Tolkien introduced a concept which he deemed essential to this purpose and foundational to any fairy-story.[14] He called the concept eucatastrophe, describing it as:

A sudden and miraculous grace: never to be counted on to recur. It does not deny the existence of…sorrow and failure; the possibility of these is necessary to the joy of deliverance; it denies…universal final defeat, giving a fleeting glimpse of Joy.[15]

Eucatastrophe takes all the suffering, the darkness, and the evil and turns them around, using them to create good in the end.  One beautiful literary example of eucatastrophe is that of Frodo in Tolkien’s The Lord of the Rings. In the final moments of the hero’s great quest, he ultimately fails. After months of suffering, he does not complete the task because he falls victim to the power of the Ring. To make matters worse, a creature who is far less capable of completing the destruction of the Ring attacks Frodo in the end, and the Ring falls into the hands of a creature far less capable. It is nearly as bad a moment as one could conceive after the many trials of the quest. All the hope which had been hanging on by a mere thread is finally cut away completely. The nihilist would have let the story end here, deeming it realistic and true. The reader would be left disheartened but unfortunately resolved to the reality of such an ending. There is no Joy here.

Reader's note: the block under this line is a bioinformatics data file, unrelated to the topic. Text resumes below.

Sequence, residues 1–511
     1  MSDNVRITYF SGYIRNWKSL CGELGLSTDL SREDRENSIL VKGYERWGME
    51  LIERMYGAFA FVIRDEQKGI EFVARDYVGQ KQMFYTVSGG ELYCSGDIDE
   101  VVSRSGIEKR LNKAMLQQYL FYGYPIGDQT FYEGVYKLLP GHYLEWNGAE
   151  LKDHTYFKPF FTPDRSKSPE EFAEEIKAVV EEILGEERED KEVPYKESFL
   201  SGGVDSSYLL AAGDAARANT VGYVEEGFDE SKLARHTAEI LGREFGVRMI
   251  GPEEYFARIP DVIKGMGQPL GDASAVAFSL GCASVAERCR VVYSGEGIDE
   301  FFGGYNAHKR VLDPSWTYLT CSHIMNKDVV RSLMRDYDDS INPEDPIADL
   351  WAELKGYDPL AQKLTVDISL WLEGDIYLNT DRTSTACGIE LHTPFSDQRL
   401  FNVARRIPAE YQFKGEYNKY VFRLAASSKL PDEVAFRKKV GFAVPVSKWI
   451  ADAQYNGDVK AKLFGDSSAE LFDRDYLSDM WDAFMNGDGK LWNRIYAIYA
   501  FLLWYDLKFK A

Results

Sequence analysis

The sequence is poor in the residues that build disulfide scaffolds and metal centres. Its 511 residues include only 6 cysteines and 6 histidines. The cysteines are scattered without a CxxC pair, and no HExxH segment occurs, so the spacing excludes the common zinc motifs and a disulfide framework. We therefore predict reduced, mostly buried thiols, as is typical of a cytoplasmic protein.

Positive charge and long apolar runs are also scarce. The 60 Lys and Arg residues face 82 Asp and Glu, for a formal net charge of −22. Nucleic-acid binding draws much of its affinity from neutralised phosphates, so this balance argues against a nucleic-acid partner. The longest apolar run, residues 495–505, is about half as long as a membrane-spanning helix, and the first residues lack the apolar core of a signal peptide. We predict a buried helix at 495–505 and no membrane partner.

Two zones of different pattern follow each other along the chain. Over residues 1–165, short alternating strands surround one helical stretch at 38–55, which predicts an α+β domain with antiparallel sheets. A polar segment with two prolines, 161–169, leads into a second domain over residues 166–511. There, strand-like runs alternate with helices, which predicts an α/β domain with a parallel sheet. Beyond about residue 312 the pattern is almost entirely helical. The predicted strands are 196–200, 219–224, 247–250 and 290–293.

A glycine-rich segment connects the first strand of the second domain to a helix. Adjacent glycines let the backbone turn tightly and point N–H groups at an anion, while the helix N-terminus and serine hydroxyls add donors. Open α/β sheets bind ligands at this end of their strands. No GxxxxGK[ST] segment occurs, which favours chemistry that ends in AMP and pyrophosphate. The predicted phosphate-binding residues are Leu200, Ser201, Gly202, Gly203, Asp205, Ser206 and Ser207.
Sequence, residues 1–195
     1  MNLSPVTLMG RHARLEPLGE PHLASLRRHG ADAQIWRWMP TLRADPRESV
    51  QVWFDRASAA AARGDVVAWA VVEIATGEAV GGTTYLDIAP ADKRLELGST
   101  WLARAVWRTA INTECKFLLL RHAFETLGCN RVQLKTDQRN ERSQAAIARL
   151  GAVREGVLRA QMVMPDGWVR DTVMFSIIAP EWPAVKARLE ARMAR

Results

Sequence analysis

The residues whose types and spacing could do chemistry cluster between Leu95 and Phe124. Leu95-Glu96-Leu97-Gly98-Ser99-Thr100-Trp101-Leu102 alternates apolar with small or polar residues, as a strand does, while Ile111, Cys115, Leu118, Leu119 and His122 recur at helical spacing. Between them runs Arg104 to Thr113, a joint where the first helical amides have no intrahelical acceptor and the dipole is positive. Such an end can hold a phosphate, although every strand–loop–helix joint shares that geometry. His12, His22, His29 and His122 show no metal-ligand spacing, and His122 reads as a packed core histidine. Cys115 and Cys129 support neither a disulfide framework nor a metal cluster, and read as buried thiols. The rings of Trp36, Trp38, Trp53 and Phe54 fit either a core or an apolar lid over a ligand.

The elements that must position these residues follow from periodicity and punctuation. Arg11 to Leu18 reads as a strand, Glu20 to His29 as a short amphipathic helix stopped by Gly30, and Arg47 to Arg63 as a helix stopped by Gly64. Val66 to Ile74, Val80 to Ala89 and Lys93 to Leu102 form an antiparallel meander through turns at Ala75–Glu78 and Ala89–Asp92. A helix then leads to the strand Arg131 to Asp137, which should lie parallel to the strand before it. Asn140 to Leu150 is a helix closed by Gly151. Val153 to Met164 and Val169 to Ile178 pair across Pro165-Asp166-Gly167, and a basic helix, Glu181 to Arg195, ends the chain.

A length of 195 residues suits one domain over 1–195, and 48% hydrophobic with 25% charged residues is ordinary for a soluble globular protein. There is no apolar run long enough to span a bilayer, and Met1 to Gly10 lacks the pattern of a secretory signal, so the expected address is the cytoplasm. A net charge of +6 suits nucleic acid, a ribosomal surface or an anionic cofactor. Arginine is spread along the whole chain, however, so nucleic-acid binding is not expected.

Of course, Tolkien did no such thing because if there is no Joy, then the truth has been missed altogether. He chose instead to awaken the imagination of the reader to something far more real. In this, the worst of moments, the creature falls into the pit of fire, and the Ring is destroyed. One great swoop of fortunate circumstance defeats the master of evil. Circumstance? No, this is not the right word, the reader’s imagination insists, and he is right. Mere circumstance could not have led to such a perfectly timed ending where the suffering and darkness of a story suddenly turns itself towards the good.

Such a turn could, however, be described as magic. In a story, magic is painstakingly crafted by the author. The whole story becomes the setting for this one magical turn, and the reader’s response depends on this very thing.[16] A teenager will not be greatly moved by a few moments of suffering that suddenly turn out for good, but his imagination will blaze to life when the whole of a story leads up to this one perfect moment.